I never read Lord Of The Rings but did do The Hobbit at school — "in days of old when knights were bold," to quote Robert Plant, who's rather embarrassed about such lyrics these days. "And magic filled the air" — long enough ago for me to have forgotten most of it. So, I'm judging The Hobbit: An Unexpected Journey on purely cinematic merit.
My principal criticism is one I level generally at such epics — that for all the technical wizardry and sweeping vistas, sometimes less is more, the obsession with detail coming at the expense of the dramatic staples of character and plot. We know how it goes — big bucks necessitates big return, big return means global mainstream audience, global mainstream audience requires visual shock and awe (or so the thinking goes). And thus does Tolkein's book about little furry people go Wagnerian.
Where I found the first LOTR film quite enchanting, the second and third outings, for me, became a bit "so what?" I mean, after the umpteenth battle between dwarves, orcs and blah-di-blah, who really cares? It's exactly the same gripe with The Hobbit, but all in one movie. It has slaughter on an industrial scale yet still pulls off the not inconsiderable feat of leaving one strangely detached from the action and, curiously, never once feeling that any of our heroes is remotely in peril.
Despite some fine acting, at nearly three hours, and with a damp squib of a pay-off, the "unexpected journey" feels more of an aimless potter after a liquid lunch. As ever with these things, the best bits are the personal moments, Bilbo's verbal sparring with slippery Gollum worth a hundred Orc-ish eviscerations.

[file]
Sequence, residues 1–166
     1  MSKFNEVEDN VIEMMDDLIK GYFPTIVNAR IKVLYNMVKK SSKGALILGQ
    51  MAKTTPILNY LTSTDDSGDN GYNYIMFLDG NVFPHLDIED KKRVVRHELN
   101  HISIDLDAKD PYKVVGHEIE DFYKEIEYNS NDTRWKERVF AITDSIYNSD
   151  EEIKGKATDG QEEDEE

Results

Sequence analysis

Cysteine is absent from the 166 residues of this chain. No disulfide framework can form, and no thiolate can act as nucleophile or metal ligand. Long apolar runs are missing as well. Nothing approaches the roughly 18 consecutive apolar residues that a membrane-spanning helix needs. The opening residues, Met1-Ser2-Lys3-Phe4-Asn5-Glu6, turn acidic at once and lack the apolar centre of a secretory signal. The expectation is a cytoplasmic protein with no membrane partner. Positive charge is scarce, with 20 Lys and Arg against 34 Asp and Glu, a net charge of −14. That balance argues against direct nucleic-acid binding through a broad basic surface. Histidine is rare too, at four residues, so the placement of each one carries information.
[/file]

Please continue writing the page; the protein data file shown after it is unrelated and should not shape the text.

And yes, the format. I have an issue with 3D generally in that the current system is a bolt-on — a techno-gizmo retro-fitted to a hundred-year-old system, that of projecting a 2D image onto a blank canvas. Until a new method of exhibiting a film comes along — sitting in a pod? wearing virtual reality helmets? — it will always feel like a weld-job. As has been reported elsewhere, the pin-sharp resolution of 48 frames per seconds makes some of the scenes, particularly the indoor ones, appear like workaday television.
More than that, I still have a problem with both foreground and background being in focus simultaneously, something that contravenes the laws of physics. I found myself actually shutting one eye for much of it (add joke here). But that's just me.
There was a general consensus among the broadsheet reviewers for this film, a feeling of deflation. I think they got it just about right.